An Everlasting Power of Attorney?: Record levels of court action over lasting power of attorney

October 16, 2019

2 min read

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What's going on here?

According to data collected by Nockolds Solicitors, 721 applications were made to censure or remove attorneys in England and Wales in 2018/19 after an increase in people acting with power of attorney on behalf of vulnerable people.

What does this mean?

A lasting power of attorney (LPA) is a legal document which allows people (known as the “donor”) to appoint one or more people (known as the “attorneys”) to help make decisions on their behalf. The LPA comes into effect when the donor is no longer able or wants to make decisions for themselves. There are two types of LPA: one for health and welfare, the other for property and financial affairs. 

The figures have more than doubled over the past two years. The England and Wales Office of the Public Guardian (OPG) have continually applied for a rising number of court orders to  censure or remove attorneys since 2016/17, where 272 applications were submitted. This rose by 71% to a figure of 465 in 2017/18 which has since risen by 55% to the 2018/19 count of 721 applications. 

Alongside this, the OPG have launched approximately 3,000 safeguarding investigations into cases where the donor was at risk from their attorney during 2018/19. This was also a rise of 53% compared to 2017/18.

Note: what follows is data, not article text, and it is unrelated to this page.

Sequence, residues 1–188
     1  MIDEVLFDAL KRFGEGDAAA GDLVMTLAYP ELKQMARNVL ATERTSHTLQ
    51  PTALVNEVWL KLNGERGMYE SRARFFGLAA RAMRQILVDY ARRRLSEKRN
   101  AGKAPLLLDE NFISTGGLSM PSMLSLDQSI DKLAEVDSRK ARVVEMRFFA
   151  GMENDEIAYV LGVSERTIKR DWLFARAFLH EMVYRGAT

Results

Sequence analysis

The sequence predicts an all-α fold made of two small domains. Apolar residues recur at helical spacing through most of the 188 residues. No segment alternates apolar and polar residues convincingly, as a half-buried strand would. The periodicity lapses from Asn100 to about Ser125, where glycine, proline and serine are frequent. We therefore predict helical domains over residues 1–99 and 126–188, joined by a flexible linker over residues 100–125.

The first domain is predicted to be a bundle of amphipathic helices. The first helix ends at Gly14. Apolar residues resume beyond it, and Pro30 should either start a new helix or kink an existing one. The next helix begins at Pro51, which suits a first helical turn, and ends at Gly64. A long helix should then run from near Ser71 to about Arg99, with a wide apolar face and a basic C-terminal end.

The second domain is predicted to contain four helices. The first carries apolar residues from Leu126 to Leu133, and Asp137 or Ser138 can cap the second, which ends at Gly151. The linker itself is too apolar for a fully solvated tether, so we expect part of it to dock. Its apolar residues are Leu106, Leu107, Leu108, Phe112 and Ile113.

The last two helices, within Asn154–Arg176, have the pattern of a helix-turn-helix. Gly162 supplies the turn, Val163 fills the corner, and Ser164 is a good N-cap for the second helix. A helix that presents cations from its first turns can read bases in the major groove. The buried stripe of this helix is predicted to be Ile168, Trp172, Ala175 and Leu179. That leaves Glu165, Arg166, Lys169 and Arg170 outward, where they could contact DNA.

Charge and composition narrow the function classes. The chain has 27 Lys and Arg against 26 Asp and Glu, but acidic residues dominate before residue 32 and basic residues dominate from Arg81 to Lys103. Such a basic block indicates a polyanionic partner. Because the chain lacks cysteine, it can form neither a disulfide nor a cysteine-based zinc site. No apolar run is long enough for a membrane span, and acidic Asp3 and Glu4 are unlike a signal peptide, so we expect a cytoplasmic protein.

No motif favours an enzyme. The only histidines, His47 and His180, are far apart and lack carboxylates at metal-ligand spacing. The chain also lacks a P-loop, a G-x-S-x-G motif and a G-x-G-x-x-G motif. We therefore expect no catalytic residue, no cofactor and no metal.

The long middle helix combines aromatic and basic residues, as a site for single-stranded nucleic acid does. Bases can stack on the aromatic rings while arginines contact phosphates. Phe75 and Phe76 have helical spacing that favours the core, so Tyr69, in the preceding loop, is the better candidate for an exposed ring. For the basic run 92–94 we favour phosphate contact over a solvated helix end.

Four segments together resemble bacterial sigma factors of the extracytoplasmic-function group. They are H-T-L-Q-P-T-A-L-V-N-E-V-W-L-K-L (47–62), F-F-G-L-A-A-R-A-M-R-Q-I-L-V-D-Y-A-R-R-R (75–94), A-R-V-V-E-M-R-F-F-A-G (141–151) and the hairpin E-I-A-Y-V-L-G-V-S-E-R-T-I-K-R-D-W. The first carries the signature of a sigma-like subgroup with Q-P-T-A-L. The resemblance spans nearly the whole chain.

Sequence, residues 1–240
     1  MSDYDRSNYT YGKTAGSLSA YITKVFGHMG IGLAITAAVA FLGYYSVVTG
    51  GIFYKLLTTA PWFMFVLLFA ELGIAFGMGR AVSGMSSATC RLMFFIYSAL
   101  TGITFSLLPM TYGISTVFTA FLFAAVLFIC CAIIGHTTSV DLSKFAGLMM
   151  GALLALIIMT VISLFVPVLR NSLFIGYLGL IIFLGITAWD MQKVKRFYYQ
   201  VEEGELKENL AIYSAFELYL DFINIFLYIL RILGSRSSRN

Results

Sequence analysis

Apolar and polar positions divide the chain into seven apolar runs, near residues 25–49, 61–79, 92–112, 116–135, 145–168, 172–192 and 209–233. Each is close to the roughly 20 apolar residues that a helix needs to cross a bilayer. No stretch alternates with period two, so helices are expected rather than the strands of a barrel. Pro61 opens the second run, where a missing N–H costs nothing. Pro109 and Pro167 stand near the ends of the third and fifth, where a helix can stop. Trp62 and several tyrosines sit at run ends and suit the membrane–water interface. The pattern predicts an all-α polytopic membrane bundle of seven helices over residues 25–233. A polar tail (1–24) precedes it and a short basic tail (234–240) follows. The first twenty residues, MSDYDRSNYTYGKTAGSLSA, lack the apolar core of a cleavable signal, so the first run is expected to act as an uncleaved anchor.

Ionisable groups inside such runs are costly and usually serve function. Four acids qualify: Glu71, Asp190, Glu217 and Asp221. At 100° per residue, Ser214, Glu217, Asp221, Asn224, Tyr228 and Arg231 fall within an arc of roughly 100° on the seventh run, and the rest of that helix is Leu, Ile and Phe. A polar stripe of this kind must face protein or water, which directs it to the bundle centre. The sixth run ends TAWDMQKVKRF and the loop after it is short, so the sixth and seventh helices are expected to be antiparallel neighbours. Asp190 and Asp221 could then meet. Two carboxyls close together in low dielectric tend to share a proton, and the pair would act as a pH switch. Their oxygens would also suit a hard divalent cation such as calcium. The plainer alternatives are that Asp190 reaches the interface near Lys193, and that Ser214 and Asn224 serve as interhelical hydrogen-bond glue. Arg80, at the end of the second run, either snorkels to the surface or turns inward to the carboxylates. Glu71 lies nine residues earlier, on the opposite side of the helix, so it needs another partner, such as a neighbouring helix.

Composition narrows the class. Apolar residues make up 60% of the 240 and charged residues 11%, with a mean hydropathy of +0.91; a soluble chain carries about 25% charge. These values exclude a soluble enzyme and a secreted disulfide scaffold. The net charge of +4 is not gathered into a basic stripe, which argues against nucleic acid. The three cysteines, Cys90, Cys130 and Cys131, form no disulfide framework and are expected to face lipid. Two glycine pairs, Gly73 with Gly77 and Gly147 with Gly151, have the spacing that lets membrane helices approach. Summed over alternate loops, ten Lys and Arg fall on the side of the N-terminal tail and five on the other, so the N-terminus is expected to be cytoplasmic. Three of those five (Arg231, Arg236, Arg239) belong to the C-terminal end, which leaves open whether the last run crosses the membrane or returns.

What's the big picture effect?

The continual rise in court action follows the safeguards introduced in 2017 which were “watered down” for a more simplified process. This has lead to many LPAs being created without professional advice. 

The safeguards allow LPAs to be registered once someone known to the donor certifies that the donor has not been unduly pressured to sign it, and understands the purpose and extent of authority of the LPA. However, the certifier was not required to have any relevant professional skills. 

The two main reasons behind the rise in court orders submitted by the OPG were:

  1. making improper gifts; and 
  2. the attorney not acting in the donor’s best interests. 

There has been a continual increase in applications for LPAs each year (6% in 2018/19), due to increasing numbers of those affected by a serious health condition such as dementia. However, the majority of misconduct by the attorney will not be noticed during the donor’s life, leaving the OPG with limited powers to identify inappropriate behaviour. 

Due to this, greater awareness and safeguards around financial abuse of vulnerable individuals is likely to be required to address this growing issue. The OPG have taken action on this by launching a new safeguarding strategy in April 2019. The strategy aims to protect donors and to work more closely with audit services and the NHS.

Report written by Heerim Hwang

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